Before you agree to rent a place, go look at it. Walk through the entire apartment and around the building. Use the Moving In Checklist (Form 1) to help you ask good questions and check out important things as you walk around, such as is the water discolored, does the toilet flush, are there any exposed wires.
Sometimes, landlords think they can get away with renting an apartment that is in bad condition and needs repairs. And, sometimes, they do. But the law requires landlords to put apartments in good condition before renting them. This means that an apartment must meet certain minimum requirements.
The Housing Code Checklist (Booklet 2) summarizes these minimum requirements. Read over this checklist and take it with you when you look at apartments.
You can also find out if any tenants or local housing inspectors have ever reported an apartment or building for housing code violations. Although this takes time, if you really want to know who you are renting from, this information may be worth finding out.
To do this, go to the local Board of Health in the town or city where the apartment is located. Ask them if there are any housing inspection reports listed for the address of that building. If there are, read the reports. If a report shows that there were serious problems, ask the Board of Health if the landlord corrected this problem.
What If There Are
If you want an apartment, but there are problems with it, ask the landlord when she plans to make certain repairs. If this repair schedule is agreeable to you and you decide to rent the apartment, make a list of the repairs that are needed. Then get the landlord to promise in writing that she will make the repairs and by what date. Putting this in writing can prevent misunderstandings later on and may make it more likely that the landlord will actually keep her word. In addition, if the landlord later refuses to make the repairs and you have her promise in writing, she will not be able to turn around and blame you for causing these problems.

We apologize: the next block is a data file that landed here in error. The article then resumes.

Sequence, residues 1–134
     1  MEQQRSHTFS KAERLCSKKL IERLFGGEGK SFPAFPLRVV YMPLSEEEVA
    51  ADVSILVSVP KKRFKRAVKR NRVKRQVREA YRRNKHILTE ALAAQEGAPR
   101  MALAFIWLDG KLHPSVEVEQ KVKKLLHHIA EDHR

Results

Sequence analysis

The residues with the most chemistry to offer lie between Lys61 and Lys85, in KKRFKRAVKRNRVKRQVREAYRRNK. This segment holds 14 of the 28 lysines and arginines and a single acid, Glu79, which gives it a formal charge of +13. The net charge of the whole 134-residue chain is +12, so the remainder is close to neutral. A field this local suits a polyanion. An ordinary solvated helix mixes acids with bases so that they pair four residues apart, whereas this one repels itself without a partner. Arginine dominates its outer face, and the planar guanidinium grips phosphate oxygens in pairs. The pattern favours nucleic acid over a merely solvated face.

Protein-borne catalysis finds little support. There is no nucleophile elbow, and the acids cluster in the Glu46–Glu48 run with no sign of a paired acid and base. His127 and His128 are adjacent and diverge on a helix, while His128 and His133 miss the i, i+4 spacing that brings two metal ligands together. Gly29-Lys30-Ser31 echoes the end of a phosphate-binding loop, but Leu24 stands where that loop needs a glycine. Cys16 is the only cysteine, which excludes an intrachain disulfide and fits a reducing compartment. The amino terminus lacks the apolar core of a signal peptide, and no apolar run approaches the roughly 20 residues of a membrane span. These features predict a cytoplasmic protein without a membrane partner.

If the landlord agrees to make repairs, but will not put it in writing, you should write a letter or an email to your landlord after you've moved into the apartment thanking her for agreeing to make repairs and then listing what repairs she agreed to make. This will document both the need for repairs and the landlord's promise to make them.
If your landlord requires a security deposit, by law she must prepare a statement describing the condition of the apartment. This is called a "Statement of Condition." See a sample Statement of Condition (Form 3). Make sure all problems with the apartment are listed on this statement. Keep a copy of this Statement for your own records.
If a landlord does not take a security deposit, it is still a good idea to prepare your own statement describing the condition of an apartment when you first move in. See Chapter 3: Security Deposits and Last Month's Rent - Statement of Condition. If you have a camera or a video recorder (or can borrow one), you may want to take pictures of certain conditions in the apartment before you move in. For example, if the window is broken, take a picture of the broken window. Write the date on which you took the pictures on the back of each one. If you make a video, film someone in the apartment saying the date. Spending 20 minutes documenting the condition of an apartment before you move in may save you a lot of aggravation and money later on.